Under new lockdown rules, 640,000 kids to return to remote learning on Wednesday

Ministers approve updated map ranking cities and towns based on morbidity, putting students in grades 5-12 in high-infection areas out of the classroom

Israeli children wearing face masks attend a class lesson at the Beit Hakerem school in Jerusalem, November 24, 2020. (Olivier Fitoussi/Flash90)
Israeli children wearing face masks attend a class lesson at the Beit Hakerem school in Jerusalem, November 24, 2020. (Olivier Fitoussi/Flash90)

Hundreds of thousands of Israeli children are set to return to remote learning this week after cabinet ministers approved an updated version of the so-called “traffic light” plan for containing the coronavirus on Monday night.

The plan ranks cities and towns, and enacts restrictions on them, according to local infection rates. Students in grades 5-12 in communities designated “orange” or “red,” with high infection rates, will learn remotely beginning Wednesday.

The coronavirus cabinet approved an updated map for the plan late on Monday that designates 51 percent of all towns and cities as red and orange. The decision will bar some 640,000 children in these locales from attending in-person classes, according to the Walla news site.

The figure nearly triples the number of students currently required to learn remotely, which is around 220,000, the report said.

The rankings are based on last week’s morbidity data, the Health Ministry and Prime Minister’s Office said in a statement.

Fifth to 12th graders in green and yellow areas will attend classes as usual. Kindergartens, grades 1-4 and special education programs will continue as usual, including in red and orange areas.

High-infection areas where schools will be closed include most Jerusalem neighborhoods, Tiberias, Ma’ale Adumim, Nazareth, Safed, Ashdod, Herzliya, Lod, Acre, and several Haifa neighborhoods (Hebrew link).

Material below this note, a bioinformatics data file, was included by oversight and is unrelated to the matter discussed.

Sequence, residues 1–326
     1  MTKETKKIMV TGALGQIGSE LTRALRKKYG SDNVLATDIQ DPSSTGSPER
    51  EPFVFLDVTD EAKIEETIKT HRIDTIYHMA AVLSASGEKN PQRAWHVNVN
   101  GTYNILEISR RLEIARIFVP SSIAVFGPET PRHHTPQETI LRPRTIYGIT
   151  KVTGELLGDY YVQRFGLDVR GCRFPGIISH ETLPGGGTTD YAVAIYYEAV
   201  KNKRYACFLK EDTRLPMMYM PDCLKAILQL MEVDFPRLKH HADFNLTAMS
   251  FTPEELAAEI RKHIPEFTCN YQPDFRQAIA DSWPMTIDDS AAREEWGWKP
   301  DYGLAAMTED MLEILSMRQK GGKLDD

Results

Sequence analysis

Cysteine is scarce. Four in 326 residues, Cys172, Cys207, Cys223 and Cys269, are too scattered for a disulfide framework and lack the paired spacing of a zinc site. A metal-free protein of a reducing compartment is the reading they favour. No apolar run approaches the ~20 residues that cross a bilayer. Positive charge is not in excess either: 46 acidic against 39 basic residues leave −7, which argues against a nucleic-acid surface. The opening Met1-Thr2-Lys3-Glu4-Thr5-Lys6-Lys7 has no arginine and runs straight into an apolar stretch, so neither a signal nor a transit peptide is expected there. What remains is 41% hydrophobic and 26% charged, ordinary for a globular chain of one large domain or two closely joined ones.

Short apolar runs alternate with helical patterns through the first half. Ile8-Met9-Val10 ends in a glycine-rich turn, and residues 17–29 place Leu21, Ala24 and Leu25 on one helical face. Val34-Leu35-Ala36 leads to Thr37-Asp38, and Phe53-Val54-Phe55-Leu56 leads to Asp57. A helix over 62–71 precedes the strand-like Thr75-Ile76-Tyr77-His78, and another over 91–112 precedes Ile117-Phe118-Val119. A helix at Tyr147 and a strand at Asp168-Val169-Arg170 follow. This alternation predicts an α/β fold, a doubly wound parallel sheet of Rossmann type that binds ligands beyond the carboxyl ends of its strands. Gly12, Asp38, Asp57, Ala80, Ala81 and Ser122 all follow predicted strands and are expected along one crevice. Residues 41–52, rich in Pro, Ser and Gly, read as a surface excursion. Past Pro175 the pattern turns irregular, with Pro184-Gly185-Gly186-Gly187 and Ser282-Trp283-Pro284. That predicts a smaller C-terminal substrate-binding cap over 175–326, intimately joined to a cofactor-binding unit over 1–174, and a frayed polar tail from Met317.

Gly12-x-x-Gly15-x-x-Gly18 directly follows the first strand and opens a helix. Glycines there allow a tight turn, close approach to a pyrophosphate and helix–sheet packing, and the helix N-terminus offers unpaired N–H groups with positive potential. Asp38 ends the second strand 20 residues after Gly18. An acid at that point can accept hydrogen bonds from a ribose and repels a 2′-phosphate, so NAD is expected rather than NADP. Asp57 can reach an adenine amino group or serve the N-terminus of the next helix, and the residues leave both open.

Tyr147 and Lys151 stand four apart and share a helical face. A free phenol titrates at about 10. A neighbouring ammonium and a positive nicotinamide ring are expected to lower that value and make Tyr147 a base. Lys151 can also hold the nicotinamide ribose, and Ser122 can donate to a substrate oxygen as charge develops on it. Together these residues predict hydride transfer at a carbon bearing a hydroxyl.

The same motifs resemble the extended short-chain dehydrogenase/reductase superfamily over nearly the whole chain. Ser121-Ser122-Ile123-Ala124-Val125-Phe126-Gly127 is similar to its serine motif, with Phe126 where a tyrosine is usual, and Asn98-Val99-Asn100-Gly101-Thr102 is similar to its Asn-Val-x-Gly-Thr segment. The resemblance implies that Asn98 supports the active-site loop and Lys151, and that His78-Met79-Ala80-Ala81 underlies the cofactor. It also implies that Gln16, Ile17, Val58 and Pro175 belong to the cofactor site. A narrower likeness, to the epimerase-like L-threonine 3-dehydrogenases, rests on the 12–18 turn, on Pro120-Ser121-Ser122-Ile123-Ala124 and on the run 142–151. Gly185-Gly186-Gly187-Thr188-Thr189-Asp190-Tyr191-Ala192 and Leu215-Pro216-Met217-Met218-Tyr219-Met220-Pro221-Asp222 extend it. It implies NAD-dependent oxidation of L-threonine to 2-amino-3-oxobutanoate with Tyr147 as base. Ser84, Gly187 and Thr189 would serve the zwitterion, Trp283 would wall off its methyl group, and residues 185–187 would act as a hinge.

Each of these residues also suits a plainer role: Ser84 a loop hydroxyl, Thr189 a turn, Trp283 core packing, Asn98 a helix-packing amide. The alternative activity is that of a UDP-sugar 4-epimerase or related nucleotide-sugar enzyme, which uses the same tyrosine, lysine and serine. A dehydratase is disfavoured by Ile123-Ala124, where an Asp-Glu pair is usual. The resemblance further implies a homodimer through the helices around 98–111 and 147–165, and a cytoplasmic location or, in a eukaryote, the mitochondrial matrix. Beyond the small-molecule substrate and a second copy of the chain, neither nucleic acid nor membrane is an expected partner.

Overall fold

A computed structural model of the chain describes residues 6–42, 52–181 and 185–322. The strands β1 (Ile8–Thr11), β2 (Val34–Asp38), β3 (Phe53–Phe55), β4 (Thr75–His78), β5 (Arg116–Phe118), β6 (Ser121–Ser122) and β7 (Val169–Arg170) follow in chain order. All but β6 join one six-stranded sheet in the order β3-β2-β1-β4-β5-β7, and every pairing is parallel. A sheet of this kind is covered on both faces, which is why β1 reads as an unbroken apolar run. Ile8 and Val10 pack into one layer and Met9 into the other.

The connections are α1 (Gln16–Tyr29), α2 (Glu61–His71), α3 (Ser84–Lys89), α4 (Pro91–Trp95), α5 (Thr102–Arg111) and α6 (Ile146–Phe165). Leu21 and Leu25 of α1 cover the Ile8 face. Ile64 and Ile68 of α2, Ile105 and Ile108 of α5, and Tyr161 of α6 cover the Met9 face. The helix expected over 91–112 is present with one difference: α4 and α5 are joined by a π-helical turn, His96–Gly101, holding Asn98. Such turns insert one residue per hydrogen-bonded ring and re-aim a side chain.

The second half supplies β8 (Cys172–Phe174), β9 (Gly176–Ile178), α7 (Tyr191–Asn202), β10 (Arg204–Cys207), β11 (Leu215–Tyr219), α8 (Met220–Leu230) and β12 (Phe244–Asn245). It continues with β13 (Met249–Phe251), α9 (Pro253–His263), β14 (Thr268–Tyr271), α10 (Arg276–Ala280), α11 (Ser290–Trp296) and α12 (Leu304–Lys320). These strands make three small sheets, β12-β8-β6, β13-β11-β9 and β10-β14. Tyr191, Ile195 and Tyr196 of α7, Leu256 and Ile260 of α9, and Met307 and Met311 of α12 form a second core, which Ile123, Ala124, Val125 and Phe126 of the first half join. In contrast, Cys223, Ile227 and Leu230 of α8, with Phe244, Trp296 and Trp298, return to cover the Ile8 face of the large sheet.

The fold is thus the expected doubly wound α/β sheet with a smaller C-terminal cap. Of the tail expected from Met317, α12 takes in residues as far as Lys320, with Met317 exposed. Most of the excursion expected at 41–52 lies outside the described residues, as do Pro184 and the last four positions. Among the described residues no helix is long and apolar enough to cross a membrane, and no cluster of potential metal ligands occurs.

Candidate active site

There are currently 8,188 Israeli students, and 1,629 educational workers, who are sick with COVID-19. Nineteen schools and 670 daycare centers are closed due to virus outbreaks, according to Education Ministry statistics.

People walk through the closed down Carmel Market in Tel Aviv during a national coronavirus lockdown, December 28, 2020. (Miriam Alster/Flash90)

Israel entered a new lockdown, its third since the start of the pandemic, at 5 p.m. on Sunday evening. Although set for a two-week period with an option to extend, health officials have already warned it will likely go on for a month. Daily virus cases in Israel have been climbing in recent weeks, surpassing 3,000 on most days over the past week.

The current lockdown rules bar Israelis from entering another person’s home; restrict movement to one kilometer (six-tenths of a mile) from home, with exceptions, such as for vaccinations; shut down commerce (except for essentials), leisure and entertainment; limit public transportation to 50% capacity; and limit workplaces that do not deal with customers face-to-face to 50% capacity.

Alongside the alarming infection numbers, Israel’s vaccination program continued to accelerate on Monday, with the country closing in on 500,000 vaccinations.

Israel began its vaccination drive last week, focusing on healthcare workers, over 60s, and at-risk groups, and is leading the world in vaccinations per capita. A record 115,000 people were vaccinated on Monday, bringing the national total to just under 500,000, according to the Health Ministry.

Teachers are also to be prioritized for vaccination from the start of next week, with Tel Aviv announcing that it will start inoculating teachers from Thursday.

Officials have said they aim to reach 150,000 vaccinations a day in the course of this week, and Prime Minister Benjamin Netanyahu has set a goal of having some 2.25 million Israelis — nearly a quarter of Israel’s 9.2 million population — vaccinated by the end of January.

Israel currently ranks first globally in vaccinations per capita, slightly ahead of Bahrain and quite significantly ahead of other countries, according to the University of Oxford-run Our World in Data.

Health officials have expressed optimism that the latest lockdown will be the nation’s last as it steps up its vaccination drive.

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